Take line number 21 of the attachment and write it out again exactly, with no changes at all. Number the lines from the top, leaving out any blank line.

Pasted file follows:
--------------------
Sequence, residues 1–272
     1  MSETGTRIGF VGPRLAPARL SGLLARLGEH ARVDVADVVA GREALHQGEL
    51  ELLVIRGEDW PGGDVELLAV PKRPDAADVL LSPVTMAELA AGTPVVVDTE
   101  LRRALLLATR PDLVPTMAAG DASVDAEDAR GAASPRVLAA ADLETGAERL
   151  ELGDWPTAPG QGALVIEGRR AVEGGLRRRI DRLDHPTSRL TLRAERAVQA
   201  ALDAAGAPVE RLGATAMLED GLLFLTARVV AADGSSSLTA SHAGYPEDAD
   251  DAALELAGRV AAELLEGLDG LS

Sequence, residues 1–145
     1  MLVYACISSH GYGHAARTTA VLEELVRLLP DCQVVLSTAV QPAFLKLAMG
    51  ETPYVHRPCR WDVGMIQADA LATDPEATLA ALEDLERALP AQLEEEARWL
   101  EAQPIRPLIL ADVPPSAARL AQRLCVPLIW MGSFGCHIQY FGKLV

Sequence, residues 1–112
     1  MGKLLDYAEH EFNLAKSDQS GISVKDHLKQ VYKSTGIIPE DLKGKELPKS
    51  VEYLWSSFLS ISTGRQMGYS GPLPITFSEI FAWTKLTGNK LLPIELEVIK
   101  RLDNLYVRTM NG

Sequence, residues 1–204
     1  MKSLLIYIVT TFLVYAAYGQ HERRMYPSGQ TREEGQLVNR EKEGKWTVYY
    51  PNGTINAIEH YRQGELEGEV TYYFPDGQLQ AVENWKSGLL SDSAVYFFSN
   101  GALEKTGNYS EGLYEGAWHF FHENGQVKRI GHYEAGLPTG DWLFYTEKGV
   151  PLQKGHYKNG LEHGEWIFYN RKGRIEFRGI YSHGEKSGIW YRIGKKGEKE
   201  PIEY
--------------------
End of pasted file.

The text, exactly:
   201  PIEY